Financials for Eight Publicly Traded Biotechs with No Marketed Products
Acucela loses money. It actually was profitable in 2011, 2012, and 2013 due to revenues from collaborations. However, it lost nearly $27M in 2015. Its stock is publicly traded in Japan.
Alder Biopharmaceuticals recorded no revenues in 2015, and lost nearly $86M last year.
Atossa Genetics works on breast cancer and is trying to develop microcatheters as well as drugs. It lost nearly $13M in 2015.
Cascadian Therapeutics (formerly Oncothyreon) lost nearly $33M in 2015.
Immune Design Corp. lost $39M in 2015.
Juno loses money big time, but is also has a much bigger piggy bank than any other area biotech. Despite (or maybe because of) the large amount of money in the company vault, it still lost $239M in 2015.
OncoGenex lost $16.8M in 2015. The company is in serious trouble with the recent phase III clinical failure of it’s experimental drug custirsen for castration-resistant prostate cancer. This follows the clinical failure of another drug, apatorsen, last year.
PhaseRx only began trading on NASDAQ in the second quarter of 2016. Its reported financial results for the first half of 2016 show it lost $13M during that period.
Are companies that actually sell drugs profitable? Let’s take a look:
The largest (in terms of headcount) local biotech is Seattle Genetics. It rakes in a lot of money from its pioneering drug Adcetris (which earned $226M last year). However, it still manages to lose money, with a net loss in 2015 of $120.5M.
CTI Biotherapeutics lost $116M on revenues of $16.1M in 2015, and sales of it's only product, Pixuri, accounted for just $3.5M of that income. CTI Biopharma has a net cumulative loss over its 24 years in business of just over $2B (no, that’s not a typo, it really is billions).
Omeros is Washington states fastest-growing public company. According to the Puget Sound Business Journal, the company’s revenues increased by nearly 745 percent between 2013 and 2015. However, even with this revenue growth, the company is still losing money ($12.6M in the second quarter of 2016). Revenues from its sole product Omidria were only $10M in this same time period, which was 3 times as much as the company earned during the same quarter last year. It lost a total of $75M in 2015.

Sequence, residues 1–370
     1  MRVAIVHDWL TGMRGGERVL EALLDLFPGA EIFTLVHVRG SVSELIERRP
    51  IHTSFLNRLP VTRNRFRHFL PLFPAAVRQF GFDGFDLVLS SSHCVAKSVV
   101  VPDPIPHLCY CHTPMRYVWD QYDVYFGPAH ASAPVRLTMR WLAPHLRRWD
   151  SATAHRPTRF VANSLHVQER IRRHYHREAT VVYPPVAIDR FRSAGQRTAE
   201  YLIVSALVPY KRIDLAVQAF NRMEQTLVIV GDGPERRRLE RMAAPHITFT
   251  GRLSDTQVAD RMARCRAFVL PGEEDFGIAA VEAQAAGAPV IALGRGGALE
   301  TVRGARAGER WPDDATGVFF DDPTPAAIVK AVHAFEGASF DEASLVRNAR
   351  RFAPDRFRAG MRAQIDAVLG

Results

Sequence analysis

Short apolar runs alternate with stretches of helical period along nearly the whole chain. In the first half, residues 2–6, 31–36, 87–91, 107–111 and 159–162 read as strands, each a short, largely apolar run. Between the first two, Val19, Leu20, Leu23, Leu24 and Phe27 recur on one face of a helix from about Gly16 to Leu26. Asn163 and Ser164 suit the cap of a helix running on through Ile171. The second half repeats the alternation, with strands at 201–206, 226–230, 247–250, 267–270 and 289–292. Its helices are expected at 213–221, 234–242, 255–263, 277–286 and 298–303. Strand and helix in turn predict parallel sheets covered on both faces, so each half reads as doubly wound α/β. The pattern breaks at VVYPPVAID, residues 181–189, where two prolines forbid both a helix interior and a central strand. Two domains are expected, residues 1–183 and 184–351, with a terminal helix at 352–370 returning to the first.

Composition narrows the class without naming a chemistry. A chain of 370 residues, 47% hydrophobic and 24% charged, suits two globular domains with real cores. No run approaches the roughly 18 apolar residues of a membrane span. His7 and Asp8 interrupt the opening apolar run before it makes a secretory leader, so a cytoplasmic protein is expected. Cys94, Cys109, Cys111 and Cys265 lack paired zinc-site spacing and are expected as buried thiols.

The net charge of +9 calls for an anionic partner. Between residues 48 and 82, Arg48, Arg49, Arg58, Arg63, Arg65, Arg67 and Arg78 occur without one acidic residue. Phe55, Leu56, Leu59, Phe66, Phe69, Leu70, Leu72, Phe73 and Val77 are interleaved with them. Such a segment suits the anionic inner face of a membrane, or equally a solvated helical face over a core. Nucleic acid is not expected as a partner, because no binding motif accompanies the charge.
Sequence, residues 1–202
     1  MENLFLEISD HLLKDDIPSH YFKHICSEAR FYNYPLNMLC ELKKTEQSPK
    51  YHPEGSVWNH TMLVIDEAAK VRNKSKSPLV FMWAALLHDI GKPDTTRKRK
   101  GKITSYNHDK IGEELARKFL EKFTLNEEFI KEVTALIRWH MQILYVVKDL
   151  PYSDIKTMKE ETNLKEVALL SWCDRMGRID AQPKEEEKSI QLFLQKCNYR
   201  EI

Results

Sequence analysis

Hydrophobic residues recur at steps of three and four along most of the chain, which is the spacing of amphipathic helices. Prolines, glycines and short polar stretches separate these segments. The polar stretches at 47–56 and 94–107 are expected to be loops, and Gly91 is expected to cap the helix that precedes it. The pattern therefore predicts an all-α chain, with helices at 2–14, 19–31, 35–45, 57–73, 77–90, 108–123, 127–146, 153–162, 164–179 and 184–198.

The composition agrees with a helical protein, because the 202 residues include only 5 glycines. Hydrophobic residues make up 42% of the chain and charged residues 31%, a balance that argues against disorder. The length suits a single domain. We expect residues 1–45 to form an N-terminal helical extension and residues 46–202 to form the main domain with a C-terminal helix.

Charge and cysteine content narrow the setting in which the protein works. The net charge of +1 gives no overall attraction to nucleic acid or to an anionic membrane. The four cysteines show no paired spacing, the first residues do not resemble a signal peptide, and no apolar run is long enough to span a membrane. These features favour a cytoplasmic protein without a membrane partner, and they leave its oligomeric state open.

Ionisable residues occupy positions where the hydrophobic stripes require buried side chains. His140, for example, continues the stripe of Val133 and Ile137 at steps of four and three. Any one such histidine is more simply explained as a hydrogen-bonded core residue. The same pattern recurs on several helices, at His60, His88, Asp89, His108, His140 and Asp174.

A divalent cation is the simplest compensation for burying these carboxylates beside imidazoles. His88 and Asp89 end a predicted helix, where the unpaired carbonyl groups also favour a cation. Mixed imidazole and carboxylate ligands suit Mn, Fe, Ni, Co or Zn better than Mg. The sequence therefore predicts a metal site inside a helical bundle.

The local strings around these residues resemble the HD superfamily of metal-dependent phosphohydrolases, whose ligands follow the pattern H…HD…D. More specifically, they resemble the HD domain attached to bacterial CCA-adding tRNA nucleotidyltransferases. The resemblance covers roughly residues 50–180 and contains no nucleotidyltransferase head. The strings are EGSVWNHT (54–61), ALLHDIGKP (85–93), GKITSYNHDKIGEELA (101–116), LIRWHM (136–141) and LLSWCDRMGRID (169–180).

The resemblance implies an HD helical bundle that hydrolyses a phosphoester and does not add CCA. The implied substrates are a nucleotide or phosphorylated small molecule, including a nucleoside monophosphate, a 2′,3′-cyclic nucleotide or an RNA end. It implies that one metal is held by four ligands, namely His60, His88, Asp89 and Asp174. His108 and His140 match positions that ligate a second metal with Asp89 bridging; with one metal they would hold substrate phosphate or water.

Finally, there’s Aptevo Therapeutics, a recent spin out from Emergent Biosolutions, which purchased local biotech Trubion in Oct. 2010. It actually sells four revenue-generating products (acquired from the parent company; these were not developed by Trubion) and it began trading as its own stock on August 1, 2016. As it is essentially a new company, no financial data are yet available. According to Stacey Jurchison (Senior Director, Investor Relations & Corporate Communications), these drugs generated about $28M in revenue in 2015. However, this income will only partially offset R&D and other expenses, and the company is expecting to lose money this year.
My conclusion: Despite the large number of companies, there appear to be no profitable drug developing biotechs in Seattle.
How about non-drug developing biotechs? Let’s take a look at their financials:
BioLife Solutions, a company that supplies materials to biotechs that enable them to successfully ship biological samples, hit record revenues this past quarter (even if they were only $2M). However, it lost $4.2M in 2015.
Halosource, a water purification company with a biocidal process, lost $11.5M in 2015.
IsoRay, which makes brachytherapy products, lost about $3.7M in 2015.
NanoString Technologies, which makes tools used by life science companies, had nearly $63M in revenue in 2015, but still lost $45.6M for the year.
Finally, Adaptive Biotechologies, a Fortune magazine Unicorn, works in the immunosequencing space, and is said to be valued at $1B. However, it’s privately held and financials are not available. The company has raised more than $400M from investors, sells a diagnostic kit for cancer patients, but is likely not profitable.
Second conclusion: there may be no profitable biotechs in Seattle, period. The “one in ten” profitable companies must be based somewhere else.
Biotech is a very tough business (and that’s putting aside the science/medicine component, which can be even more difficult than the business part of the equation). Let’s do some back of the envelope calculations based on some widely circulated numbers. On average, it reportedly takes $2.6B and 10 to 12 years to bring a drug to market. Now, of that $2.6B number, nearly half of that figure is the “time value of money”, not actual spending. So let’s cut the number in half. This means a biotech would need to spend about $108M per year to achieve a single drug launch. If it doesn’t bring in that much money, it’ll be running at a financial loss. That’s a lot of income for a startup with no drugs to sell and not a lot of other ways to bring in money. And having drugs to sell, as illustrated above, is no panacea for profitability. Non-profitable biotechs can employ lots of people in high paying jobs; their failure to turn a profit is just one small aspect of the overall landscape.